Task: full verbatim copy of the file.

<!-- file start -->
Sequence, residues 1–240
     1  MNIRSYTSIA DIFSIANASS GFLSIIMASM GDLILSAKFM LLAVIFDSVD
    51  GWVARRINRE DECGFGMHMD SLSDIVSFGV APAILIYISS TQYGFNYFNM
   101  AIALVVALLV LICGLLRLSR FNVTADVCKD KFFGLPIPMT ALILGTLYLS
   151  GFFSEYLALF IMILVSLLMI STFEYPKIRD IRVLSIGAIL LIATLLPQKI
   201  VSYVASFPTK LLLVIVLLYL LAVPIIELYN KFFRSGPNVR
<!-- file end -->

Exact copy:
Sequence, residues 1–240
     1  MNIRSYTSIA DIFSIANASS GFLSIIMASM GDLILSAKFM LLAVIFDSVD
    51  GWVARRINRE DECGFGMHMD SLSDIVSFGV APAILIYISS TQYGFNYFNM
   101  AIALVVALLV LICGLLRLSR FNVTADVCKD KFFGLPIPMT ALILGTLYLS
   151  GFFSEYLALF IMILVSLLMI STFEYPKIRD IRVLSIGAIL LIATLLPQKI
   201  VSYVASFPTK LLLVIVLLYL LAVPIIELYN KFFRSGPNVR